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Marjorie Hershey
Leadership, Ethics and Social Action program

Steve Hinnefeld
University Communications

Last modified: Wednesday, December 8, 2010

IU Leadership, Ethics and Social Action students to present capstone projects

Dec. 8, 2010

BLOOMINGTON, Ind. -- An exhibit of art produced by prisoners. A program to help crime victims come to terms with their feelings of victimization. A mentoring program that pairs recovering addicts with others who are struggling to get their lives on track.

Those are among 10 capstone projects created this year by students in Indiana University's Leadership, Ethics and Social Action program, an academic minor in the College of Arts and Sciences that combines community service with academic studies and experience in leadership and civic engagement.

LESA Capstone

Boys and Girls Club members take part in an environmental studies class, one of this year's LESA capstone projects.

The students will showcase the results of their projects Friday (Dec. 10) from 5-6 p.m. in the Council Chambers at Bloomington City Hall, 401 N. Morton St. Members of the Bloomington and IU communities are invited to attend and to talk with the students about their projects.

"Our capstone students have each spent a year bridging the worlds of the campus and community, developing projects to meet pressing human needs," said Marjorie Hershey, director of the LESA program and professor of political science in the IU College of Arts and Sciences. "The students learn a lot about their capacity for leadership, and the community benefits from the students' energy and creativity. It's a gift for everybody involved."

Established in 2002, LESA incorporates at least 15 hours of classes, culminating in a capstone seminar in which each student designs and implements a tangible project in cooperation with a local community organization. The seminar meets in the spring and fall semesters, with students designing their projects in the spring in consultation with faculty members and community organizations and completing the projects in the fall.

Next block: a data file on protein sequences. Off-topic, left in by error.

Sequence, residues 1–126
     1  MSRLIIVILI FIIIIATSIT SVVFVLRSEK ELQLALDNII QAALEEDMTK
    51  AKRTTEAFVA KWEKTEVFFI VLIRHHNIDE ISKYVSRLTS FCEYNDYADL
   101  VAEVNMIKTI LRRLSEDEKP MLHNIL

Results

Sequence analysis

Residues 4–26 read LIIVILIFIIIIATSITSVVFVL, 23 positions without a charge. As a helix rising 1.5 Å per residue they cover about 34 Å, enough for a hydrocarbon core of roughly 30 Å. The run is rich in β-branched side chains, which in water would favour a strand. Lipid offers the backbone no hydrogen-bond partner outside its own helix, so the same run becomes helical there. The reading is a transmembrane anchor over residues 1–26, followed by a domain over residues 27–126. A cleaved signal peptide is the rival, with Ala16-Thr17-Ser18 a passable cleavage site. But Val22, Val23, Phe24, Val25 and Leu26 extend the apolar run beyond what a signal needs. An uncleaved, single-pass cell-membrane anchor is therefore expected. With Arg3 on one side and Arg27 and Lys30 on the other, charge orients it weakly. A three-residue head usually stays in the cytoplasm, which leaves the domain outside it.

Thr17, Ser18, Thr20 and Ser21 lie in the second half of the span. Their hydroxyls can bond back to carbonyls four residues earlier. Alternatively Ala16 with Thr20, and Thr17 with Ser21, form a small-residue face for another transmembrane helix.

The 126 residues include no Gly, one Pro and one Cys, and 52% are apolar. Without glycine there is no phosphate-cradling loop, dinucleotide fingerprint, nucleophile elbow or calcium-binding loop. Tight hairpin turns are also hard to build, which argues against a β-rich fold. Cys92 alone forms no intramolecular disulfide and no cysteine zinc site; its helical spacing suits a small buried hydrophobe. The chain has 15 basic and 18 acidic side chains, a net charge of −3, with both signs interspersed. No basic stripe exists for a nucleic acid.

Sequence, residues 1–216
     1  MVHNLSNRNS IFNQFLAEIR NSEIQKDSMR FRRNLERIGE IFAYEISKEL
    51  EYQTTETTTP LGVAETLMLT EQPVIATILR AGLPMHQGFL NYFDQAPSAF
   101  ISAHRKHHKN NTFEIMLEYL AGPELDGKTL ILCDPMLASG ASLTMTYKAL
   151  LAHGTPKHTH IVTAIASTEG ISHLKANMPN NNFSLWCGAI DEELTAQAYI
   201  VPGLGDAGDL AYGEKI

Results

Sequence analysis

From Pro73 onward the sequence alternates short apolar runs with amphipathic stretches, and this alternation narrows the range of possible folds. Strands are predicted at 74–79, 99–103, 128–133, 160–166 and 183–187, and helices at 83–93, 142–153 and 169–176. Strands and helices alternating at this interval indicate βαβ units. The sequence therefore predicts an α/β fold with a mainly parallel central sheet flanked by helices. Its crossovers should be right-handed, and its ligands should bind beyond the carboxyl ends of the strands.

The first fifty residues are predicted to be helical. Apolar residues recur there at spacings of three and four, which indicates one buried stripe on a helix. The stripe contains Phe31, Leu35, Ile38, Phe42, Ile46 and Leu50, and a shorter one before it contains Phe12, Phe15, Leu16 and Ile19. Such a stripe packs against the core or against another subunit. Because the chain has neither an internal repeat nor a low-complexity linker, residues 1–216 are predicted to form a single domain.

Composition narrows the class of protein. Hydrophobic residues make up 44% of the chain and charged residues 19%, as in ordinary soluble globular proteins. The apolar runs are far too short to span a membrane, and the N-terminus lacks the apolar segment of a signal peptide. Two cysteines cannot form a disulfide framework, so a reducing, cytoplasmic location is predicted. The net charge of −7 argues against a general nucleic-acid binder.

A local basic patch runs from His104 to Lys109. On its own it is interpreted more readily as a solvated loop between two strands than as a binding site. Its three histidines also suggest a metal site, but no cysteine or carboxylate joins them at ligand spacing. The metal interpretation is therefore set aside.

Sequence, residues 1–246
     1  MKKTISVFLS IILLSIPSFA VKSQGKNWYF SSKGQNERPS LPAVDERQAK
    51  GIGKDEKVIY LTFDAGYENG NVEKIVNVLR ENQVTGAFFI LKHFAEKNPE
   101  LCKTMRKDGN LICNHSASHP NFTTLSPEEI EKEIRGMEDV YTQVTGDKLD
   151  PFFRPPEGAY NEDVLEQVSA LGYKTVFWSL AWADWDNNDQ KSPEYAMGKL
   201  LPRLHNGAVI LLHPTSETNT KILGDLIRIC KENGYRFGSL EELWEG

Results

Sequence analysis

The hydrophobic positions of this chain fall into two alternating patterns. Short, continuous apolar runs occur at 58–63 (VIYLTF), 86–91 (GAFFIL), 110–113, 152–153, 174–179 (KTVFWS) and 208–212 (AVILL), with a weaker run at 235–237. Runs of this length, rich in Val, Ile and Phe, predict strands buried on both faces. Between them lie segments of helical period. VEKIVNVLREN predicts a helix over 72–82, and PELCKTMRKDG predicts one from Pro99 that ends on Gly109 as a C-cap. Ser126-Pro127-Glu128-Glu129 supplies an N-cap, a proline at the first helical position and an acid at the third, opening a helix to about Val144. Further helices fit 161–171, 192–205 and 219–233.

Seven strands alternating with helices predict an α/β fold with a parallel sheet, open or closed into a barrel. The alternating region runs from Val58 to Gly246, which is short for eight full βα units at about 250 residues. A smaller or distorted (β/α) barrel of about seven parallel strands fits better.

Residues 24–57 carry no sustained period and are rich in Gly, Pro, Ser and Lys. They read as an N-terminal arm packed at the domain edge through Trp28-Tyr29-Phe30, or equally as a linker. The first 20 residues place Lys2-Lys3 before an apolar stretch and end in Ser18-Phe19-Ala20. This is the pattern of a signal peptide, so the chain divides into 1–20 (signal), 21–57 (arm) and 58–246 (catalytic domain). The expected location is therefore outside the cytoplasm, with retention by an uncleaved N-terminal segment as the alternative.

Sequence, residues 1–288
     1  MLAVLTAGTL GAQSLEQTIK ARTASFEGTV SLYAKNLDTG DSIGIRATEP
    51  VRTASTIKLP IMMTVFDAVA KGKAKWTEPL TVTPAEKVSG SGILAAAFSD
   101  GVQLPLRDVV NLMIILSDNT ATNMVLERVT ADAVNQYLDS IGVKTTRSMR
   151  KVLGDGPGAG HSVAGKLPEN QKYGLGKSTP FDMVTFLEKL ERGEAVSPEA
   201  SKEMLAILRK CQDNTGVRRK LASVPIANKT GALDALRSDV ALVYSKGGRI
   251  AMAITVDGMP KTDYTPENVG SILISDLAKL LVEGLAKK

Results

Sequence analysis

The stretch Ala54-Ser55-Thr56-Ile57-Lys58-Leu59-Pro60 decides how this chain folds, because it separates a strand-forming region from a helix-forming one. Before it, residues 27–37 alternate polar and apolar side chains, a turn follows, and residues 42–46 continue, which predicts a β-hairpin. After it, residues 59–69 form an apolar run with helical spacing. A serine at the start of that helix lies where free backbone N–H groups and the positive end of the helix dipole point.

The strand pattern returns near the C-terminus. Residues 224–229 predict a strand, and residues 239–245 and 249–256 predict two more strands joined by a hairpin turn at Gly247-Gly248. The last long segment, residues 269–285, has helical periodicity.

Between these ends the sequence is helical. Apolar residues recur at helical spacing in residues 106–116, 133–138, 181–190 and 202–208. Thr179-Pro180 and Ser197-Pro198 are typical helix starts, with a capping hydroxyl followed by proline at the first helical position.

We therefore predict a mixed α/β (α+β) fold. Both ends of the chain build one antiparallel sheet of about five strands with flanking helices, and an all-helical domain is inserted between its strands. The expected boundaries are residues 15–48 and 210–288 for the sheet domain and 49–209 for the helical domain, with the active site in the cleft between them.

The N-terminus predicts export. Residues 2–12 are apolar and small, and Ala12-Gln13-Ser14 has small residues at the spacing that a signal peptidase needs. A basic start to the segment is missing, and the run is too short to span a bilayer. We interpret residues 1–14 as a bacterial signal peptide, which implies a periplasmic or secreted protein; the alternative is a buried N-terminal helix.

This is the final group of capstone projects, as LESA is being merged with Political and Civic Engagement (PACE), a 25-credit undergraduate certificate program that combines academic study with hands-on learning to give students an education in democratic citizenship.

The 2010 capstone projects include:

  • A collection of art produced by people incarcerated in jails and prisons, organized by LESA student Searle Slutzkin. Working with Pages to Prisoners, a Bloomington-based project that sends books to prisoners, Slutzkin organized an Oct. 15 art exhibit, which included writings by prisoners and talks by people who work with prisoners.
  • A program to help crime victims cope with their feelings of victimization. David Weida worked with the Community Justice and Mediation Center, which has a program in which victims can meet with the people who harm them. Weida extended the program to include cases in which the perpetrator is not willing to participate but the victim could benefit from mediation.
  • A mentoring program in which people trying to recover from substance abuse are matched with people who are in recovery and want to support others in their sobriety. Cami Pritchett organized the program with Centerstone, a behavioral health service provider. Mentors are now being trained for the project, which will include help with jobs, housing and counseling.
  • Two projects that include weekly sessions for students. Kyle Rinne has been teaching environmental classes for children at the Boys and Girls Club of Bloomington; students have built a worm composting bin, hunted for wildlife signs and gone hiking. Christie Seib has helped teach a class on alternative energy for high-school students at Harmony School, an independent school in Bloomington.

Other LESA capstone projects include developing a new learning approach for IU students who are struggling with course work, a census of Bloomington businesses that sell Fair Trade merchandise, a program of animal-assisted therapy, a class for preschoolers who are about to become big sisters or brothers, and a recycling program for a campus living units.